And a question to our informed scientists: does hydrolyzed veggie protein and the like contain monosodium glutamate, or just plain ol' protein-attached glutamate?

Sounds like a good question fff. I hope meehawl has an answer.

According to neurologist, ikkyu2, "'Hydrolyzed vegetable protein' on labels is a cheap labeler's trick of getting MSG into foods without having to label them as such; glutamate is one of the essential 20 amino acids that make up proteins, and the vegetable protein that these folks pick to hydrolyze has a great deal of glutamate (I don't know what it is offhand, maybe soy protein.)"
posted by nickyskye at 1:17 PM on July 12, 2005


my doctor ordered a CAT scan this week. I'd rather not take one but I was diagnosed a couple of weeks ago with cancer.

I'm so sorry. I was directing my ire at the notion of non-medeically necessary scans being sold to people on a "what if" basis, mainly for entertainment purposes and a false sense of security.

does hydrolyzed veggie protein and the like contain monosodium glutamate, or just plain ol' protein-attached glutamate

There is no such thing as "protein-attached glutamate". Glutamate is a building block for many proteins, as are many other amino acids, where they are chained together into long strings and then folded in on themselves in specific, exquisite patterns.

During hydrolysis, molecules of water are added to the protein chains, cleaving them into simpler components. Many of these fragments will end up being glutamate, which will have the effect of enhancing any "meaty" flavour in the food. That is the purpose of the hydrolysis.

The FDA regulation 21CFR102.22 controlas what can and cannot be labelled as hydrolized vegetable protein, and how to label its origin. It's rather tedious, but the key point is that the simple "vegetable" moniker is imprecise for this purpose and a food of origin should be listed.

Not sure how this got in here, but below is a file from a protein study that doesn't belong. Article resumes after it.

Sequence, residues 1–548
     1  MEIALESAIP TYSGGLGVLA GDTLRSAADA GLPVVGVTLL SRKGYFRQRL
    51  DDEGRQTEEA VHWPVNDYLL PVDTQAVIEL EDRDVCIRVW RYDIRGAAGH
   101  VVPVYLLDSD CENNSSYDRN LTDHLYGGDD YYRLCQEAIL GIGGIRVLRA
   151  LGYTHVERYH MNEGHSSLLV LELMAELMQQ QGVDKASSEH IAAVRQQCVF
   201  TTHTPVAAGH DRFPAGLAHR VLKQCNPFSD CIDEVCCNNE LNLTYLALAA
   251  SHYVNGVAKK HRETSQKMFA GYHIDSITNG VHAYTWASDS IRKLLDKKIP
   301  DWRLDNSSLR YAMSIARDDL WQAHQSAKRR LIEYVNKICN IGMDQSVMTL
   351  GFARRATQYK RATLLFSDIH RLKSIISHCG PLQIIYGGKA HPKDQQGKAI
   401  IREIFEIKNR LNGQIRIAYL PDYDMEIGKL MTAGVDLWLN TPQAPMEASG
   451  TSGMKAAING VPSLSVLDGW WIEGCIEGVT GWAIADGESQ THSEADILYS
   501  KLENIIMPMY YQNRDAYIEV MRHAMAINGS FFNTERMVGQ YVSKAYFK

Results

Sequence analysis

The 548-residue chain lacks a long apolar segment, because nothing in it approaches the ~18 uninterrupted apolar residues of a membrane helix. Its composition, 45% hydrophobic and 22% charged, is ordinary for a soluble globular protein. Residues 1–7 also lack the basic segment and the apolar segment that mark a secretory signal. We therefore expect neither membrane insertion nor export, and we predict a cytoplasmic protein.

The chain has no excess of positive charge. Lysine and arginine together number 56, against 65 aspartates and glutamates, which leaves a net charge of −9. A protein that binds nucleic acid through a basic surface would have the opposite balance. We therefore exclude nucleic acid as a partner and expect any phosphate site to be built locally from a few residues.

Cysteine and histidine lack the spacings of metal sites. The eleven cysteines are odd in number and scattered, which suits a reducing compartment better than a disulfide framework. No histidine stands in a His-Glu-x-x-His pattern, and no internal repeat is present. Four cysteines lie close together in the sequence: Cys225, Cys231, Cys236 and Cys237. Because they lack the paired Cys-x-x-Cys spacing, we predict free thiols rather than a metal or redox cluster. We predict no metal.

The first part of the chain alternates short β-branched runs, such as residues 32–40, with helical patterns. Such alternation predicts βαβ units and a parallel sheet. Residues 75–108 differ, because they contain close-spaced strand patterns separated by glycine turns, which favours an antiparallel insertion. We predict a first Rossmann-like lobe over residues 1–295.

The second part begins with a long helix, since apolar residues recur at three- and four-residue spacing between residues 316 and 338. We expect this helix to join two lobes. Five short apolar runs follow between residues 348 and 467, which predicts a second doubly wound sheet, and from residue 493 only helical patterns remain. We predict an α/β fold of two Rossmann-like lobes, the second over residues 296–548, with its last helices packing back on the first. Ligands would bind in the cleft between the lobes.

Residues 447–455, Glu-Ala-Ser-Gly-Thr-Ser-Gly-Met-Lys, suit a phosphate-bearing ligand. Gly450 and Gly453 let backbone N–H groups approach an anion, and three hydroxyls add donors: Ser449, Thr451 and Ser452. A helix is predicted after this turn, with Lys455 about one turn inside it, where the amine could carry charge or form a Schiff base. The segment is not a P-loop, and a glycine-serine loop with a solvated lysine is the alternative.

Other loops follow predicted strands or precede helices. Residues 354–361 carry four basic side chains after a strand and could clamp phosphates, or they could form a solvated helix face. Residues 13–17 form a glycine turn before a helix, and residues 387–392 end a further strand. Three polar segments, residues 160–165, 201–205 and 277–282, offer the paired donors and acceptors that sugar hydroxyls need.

In "The Industry" such ingredients are called "Protein Hydrolysates" and you'll find more useful, less hysterically anti-MSG info by googling this specific term.

One key advantage of the hydrolysis of complex proteins, especially for babies and, ironically, asthma sufferers, is that it enables manufacturers to include high-grade amino acids in a simple form than proteins, where the proteins could prove allergenic and provoke anaphylaxis and other unpleasant reactions.

As to whether hydrolyzed proteins contain "MSG", that very much depends on how much salt may have been originally present in the source food, how much sodium was removed during processing, and much sodium may have been added during processing. A certain percentage of sodium in aqueous solution will tend to displace one of the hydrogens on one of the carboxylic functional groups of glutamic acid to create monosodium glutamate. This is because sodium is quite reactive, especially when solvated by water. Couple this with the acidic nature of glutamaic acid, that tends to donate a hydrogen relatively easily, and the production of "MSG" is a given.